Perform a complete blood count (CBC) with differential, platelet count, prothrombin time (PT), activated partial thromboplastin time (aPTT), and complete chemistry profile (including liver panel, lipid profile, and urinalysis). Results of these tests should be essentially normal. Any abnormalities must be assessed before proceeding with the evaluation.

Blood typing and screening, panel-reactive antibody (PRA) testing, and tissue typing are used to determine the immunologic suitability of the patient for transplantation and donor matching.


Imaging Studies

In the case of cardiomyopathy, coronary arteriography is performed to determine if the cause of the cardiac dysfunction may be amenable to conventional therapies such as coronary artery angioplasty, coronary artery bypass grafting (CABG), or valvular repair.

Echocardiography is used to determine the cardiac ejection fraction and to monitor the cardiac function of patients on the transplantation waiting list. Ejection fractions of 25% or less are indicative of poor long-term survival rates.

Posteroanterior and lateral chest radiographs are used to screen for other thoracic pathologies that may preclude transplantation.

Bilateral mammograms should reveal no abnormalities before listing for transplantation. If abnormalities are found, undertake appropriate referral for evaluation and therapy before proceeding further with the evaluation for transplantation.


Cardiac and Pulmonary Evaluation

Pulmonary function tests are performed to assess overall pulmonary function. Severe untreatable pulmonary disease is a contraindication to the procedure.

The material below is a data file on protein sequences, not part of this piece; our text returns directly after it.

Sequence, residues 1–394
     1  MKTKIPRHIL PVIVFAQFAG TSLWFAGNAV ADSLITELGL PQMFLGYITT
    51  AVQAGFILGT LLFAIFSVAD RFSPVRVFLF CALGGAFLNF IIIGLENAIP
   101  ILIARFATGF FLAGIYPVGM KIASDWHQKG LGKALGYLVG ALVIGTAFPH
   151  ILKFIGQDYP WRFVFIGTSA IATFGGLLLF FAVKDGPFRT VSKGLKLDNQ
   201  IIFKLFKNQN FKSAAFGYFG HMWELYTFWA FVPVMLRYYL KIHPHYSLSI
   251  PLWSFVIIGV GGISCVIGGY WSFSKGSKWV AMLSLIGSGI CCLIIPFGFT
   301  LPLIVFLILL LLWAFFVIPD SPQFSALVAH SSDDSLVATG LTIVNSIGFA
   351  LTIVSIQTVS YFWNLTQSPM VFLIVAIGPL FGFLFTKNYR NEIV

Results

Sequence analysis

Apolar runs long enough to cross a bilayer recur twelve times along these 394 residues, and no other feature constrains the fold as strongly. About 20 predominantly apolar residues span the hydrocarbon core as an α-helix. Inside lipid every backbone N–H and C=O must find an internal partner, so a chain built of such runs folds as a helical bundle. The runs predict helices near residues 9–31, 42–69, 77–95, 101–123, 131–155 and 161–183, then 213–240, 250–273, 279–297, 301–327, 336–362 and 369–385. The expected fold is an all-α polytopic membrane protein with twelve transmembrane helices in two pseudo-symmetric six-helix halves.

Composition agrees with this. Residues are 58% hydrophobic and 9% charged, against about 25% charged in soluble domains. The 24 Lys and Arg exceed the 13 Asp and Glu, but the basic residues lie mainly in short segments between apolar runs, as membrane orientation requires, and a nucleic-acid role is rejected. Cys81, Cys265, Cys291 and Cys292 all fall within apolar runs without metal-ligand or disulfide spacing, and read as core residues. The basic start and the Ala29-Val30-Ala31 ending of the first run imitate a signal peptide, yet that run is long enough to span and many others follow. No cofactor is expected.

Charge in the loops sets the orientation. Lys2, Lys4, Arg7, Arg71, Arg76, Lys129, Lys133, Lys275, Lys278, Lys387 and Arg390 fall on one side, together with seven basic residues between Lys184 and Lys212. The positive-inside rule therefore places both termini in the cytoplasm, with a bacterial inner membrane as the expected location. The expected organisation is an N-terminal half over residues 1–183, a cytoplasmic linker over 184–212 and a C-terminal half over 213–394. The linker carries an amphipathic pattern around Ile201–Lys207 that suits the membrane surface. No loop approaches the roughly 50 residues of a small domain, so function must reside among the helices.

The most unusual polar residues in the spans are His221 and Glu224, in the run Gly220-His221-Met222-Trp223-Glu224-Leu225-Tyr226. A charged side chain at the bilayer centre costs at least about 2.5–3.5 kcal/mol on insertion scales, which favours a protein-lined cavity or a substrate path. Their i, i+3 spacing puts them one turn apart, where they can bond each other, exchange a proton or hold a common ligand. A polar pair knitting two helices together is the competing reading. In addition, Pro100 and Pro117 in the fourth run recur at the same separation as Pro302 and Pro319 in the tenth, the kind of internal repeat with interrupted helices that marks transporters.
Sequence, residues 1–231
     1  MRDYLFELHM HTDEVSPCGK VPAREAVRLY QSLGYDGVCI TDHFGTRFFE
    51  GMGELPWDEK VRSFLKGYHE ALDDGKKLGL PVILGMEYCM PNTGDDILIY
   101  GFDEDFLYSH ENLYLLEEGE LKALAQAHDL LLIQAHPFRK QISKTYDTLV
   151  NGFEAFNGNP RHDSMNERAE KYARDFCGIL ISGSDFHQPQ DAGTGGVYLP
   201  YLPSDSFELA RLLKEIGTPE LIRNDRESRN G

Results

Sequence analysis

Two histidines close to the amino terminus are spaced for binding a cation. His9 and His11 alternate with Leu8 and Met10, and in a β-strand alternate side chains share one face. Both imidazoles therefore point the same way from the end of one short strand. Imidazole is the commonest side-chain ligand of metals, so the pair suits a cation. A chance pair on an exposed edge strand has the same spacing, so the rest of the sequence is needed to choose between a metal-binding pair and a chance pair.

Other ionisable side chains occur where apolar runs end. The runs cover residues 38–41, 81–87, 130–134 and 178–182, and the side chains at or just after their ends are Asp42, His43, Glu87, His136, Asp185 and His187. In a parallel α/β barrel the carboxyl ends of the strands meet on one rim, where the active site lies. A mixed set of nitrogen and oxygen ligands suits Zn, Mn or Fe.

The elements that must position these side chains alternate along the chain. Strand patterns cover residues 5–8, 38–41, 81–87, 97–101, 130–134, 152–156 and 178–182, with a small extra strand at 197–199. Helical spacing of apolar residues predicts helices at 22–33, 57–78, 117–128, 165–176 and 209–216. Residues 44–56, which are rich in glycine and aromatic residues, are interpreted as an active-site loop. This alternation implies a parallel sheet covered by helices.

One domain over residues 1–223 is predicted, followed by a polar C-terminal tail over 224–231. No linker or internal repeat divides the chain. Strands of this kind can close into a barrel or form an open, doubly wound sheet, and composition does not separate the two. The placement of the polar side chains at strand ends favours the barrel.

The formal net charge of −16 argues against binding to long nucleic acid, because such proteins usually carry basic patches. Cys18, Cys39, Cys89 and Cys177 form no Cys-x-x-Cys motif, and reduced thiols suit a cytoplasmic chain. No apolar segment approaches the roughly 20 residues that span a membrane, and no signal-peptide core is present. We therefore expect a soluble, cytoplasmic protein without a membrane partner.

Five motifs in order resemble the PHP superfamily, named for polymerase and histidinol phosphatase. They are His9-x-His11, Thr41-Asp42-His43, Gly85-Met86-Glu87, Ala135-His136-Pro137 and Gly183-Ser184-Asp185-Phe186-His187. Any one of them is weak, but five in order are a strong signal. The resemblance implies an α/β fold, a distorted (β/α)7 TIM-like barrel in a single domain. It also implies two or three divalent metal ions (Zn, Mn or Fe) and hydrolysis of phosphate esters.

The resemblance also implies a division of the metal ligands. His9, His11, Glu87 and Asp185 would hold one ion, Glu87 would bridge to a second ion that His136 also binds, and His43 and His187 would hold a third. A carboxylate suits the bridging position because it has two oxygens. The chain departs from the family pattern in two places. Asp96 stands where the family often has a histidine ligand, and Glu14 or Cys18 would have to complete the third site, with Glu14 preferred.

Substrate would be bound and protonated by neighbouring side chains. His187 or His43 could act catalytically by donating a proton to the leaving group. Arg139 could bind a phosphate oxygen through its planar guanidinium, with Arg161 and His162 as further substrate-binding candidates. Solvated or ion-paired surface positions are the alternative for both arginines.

Maximal venous oxygen consumption (MVO2) is used to assess overall cardiac function and is used as a predictor of the severity of congestive heart failure and survival. An MVO2 value of less than 15 ml/dl/min is a poor prognostic indicator for 1-year survival in the patient awaiting cardiac transplantation.

Cardiopulmonary evaluation includes right- and left-heart catheterization to determine if the disease process is reversible or treatable by more conventional therapy. Careful evaluation of pulmonary vascular resistance is essential. Patients with fixed resistances above 4 Wood units are not candidates for the procedure.



Endomyocardial biopsy of the potential candidate is not routinely performed. The procedure may be considered if a systemic process involving the heart is thought to be the cause of the cardiomyopathy.

Perform biopsies of appropriate areas if the patient exhibits symptoms of systemic disease. Biopsies are used to determine the extent and activity of the disease process. Systemic disease processes are a contraindication to cardiac transplantation.


Monitoring and Follow-up

After transplantation, endomyocardial biopsies are performed to assess for allograft rejection. These may be performed as frequently as every week for the first month, with the frequency decreasing over time. Follow-up visits are frequent for the first month because regulation of immunosuppression is being adjusted during this time. The frequency of visits gradually diminishes until the patient is generally seen on an annual basis.

Certain centers perform coronary angiography annually after transplantation to monitor the patient for the development of allograft vascular disease. [26, 27, 28]